Originally, the Kaziranga National Park and Karbi Anglong hills were contiguous and used to function as a single ecological unit until the NH-37 (national highway) came up on the southern boundary of the Park along with human habitations, tea estates and other commercial infrastructures. These have fragmented the landscape.The NH-37 and the huge traffic volume on the highway already causes great disturbance to the movement of animals.
What is worse is that during floods, the NH-37 turns into a battle ground where Park authorities are not only tasked to keep checks on vehicle entry, but also ensure safety of animals. The mushrooming number of tourist resorts, dhabas and truck terminals have further aggravated the obstruction. Last year, 200 animals including a dozen rhinoceros died during the floods in Kaziranga as a result. However, the problem is not limited to the NH-37 alone.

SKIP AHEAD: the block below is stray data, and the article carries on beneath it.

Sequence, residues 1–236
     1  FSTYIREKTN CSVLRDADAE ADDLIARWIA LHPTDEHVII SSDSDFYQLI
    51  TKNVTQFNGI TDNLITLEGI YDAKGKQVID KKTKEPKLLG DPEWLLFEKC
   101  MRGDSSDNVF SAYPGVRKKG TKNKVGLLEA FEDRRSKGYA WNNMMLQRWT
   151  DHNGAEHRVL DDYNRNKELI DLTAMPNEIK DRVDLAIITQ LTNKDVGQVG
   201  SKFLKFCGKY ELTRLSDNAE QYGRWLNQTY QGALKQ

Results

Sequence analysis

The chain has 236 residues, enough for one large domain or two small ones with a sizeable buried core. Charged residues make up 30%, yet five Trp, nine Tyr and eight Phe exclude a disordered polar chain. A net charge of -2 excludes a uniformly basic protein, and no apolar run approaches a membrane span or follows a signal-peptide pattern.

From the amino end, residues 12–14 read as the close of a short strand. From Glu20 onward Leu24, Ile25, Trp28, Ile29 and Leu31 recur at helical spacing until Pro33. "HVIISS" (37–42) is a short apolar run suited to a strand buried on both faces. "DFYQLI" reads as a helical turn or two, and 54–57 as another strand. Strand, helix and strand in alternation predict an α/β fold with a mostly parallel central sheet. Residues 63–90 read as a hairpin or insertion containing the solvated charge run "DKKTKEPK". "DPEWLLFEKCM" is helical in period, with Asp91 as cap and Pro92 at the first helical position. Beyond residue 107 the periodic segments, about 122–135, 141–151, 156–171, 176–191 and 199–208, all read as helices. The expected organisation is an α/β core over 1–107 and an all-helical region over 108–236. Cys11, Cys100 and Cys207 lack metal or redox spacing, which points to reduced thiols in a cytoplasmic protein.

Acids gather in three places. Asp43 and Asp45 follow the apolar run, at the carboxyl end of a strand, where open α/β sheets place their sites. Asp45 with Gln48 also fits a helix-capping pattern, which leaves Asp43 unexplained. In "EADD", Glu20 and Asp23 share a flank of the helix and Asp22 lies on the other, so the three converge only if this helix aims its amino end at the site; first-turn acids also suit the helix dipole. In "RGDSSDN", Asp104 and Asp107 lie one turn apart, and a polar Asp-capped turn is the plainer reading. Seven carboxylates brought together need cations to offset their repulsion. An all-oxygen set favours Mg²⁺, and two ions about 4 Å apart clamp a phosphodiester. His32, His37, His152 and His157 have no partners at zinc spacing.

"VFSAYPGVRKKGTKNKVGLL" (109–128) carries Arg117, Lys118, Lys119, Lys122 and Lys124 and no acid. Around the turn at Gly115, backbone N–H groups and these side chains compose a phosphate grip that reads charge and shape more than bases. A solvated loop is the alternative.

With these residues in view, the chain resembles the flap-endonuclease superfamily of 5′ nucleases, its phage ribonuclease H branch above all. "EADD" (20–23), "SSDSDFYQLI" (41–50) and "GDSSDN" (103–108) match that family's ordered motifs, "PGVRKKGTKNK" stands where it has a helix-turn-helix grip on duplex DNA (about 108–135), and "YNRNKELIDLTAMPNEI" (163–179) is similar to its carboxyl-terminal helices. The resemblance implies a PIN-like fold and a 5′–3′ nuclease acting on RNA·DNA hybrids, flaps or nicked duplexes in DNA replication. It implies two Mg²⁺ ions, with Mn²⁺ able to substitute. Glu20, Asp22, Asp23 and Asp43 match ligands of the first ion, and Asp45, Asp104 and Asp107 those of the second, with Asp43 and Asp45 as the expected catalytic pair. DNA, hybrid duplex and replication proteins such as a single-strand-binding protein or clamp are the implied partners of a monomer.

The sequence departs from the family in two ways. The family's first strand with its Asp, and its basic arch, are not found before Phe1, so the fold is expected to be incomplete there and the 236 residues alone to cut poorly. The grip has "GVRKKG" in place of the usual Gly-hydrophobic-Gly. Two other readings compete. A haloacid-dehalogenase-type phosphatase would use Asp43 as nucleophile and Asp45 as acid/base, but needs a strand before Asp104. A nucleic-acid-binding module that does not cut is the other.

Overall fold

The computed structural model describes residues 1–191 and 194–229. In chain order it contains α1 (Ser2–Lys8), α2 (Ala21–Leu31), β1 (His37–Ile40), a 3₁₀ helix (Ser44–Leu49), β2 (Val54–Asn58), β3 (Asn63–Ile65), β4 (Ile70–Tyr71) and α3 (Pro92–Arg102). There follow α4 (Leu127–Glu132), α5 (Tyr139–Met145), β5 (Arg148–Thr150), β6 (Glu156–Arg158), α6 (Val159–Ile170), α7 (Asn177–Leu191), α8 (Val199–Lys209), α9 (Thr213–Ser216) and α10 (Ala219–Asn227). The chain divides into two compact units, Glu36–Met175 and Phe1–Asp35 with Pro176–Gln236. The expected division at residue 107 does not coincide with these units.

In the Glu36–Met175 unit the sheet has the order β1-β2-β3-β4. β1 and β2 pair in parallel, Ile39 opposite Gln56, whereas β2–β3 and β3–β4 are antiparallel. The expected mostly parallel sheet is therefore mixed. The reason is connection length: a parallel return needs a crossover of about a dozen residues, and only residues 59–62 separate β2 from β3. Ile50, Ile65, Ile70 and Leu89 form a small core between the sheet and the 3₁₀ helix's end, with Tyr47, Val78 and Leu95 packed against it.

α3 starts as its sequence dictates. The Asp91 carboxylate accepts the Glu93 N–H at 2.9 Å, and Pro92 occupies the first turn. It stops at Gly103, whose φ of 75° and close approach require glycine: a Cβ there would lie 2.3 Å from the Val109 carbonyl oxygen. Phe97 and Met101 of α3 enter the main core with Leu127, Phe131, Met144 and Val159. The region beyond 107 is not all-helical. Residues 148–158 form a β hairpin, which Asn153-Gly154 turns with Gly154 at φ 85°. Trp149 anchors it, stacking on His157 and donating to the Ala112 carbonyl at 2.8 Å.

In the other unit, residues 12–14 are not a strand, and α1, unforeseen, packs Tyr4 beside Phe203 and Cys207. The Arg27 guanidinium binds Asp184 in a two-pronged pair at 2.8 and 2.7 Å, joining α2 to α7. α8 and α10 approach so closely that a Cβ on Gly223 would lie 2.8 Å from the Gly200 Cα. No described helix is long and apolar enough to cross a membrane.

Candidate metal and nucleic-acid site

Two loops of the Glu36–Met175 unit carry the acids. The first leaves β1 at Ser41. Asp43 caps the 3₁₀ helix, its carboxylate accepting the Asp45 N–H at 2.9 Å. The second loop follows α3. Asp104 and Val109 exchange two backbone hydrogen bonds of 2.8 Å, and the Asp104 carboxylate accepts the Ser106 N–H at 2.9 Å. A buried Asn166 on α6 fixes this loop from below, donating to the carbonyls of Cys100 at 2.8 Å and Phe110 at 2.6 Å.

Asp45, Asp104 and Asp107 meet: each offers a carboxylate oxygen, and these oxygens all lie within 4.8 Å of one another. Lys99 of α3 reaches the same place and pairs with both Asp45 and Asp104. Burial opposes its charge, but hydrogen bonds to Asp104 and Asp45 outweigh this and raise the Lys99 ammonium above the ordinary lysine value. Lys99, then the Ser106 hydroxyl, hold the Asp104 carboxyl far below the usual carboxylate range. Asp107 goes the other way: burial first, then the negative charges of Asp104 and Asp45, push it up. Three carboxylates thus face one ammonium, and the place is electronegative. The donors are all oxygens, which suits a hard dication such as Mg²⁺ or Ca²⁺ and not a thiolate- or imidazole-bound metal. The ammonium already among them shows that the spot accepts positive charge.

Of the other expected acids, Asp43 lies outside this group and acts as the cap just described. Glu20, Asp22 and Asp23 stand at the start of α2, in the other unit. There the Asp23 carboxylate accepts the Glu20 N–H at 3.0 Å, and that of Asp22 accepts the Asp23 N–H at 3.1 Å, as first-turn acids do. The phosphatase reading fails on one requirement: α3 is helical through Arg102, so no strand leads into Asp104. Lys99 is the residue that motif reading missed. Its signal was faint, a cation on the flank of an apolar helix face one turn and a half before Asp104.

A Royal Bengal Tiger took refuge inside a junk dealer’s shop during floods of 2019 (Photo- Mohammad Rafiqur Islam, owner of the shop)
Saving the Karbi Anglong for Kaziranga’s wildlife diversity
In a response to a complaint filed by a Kaziranga based activist Rohit Choudhury, on 20th April, 2018 the NTCA sent a letter to Chief Secretary, Assam, highlighting serious issues observed during a field visit undertaken by its officers in January, 2018.
The letter accompanied with a report highlighted that ‘more than 40 stone quarries have been allowed in the Karbi Anglong East and Golaghat Forest Divisions particularly in the hill slopes facing NH-37’. The report also stated that the high decibel sound and dust pollution makes it impossible for wild animals to move towards these areas. An excerpt from the conclusion from the report is presented below: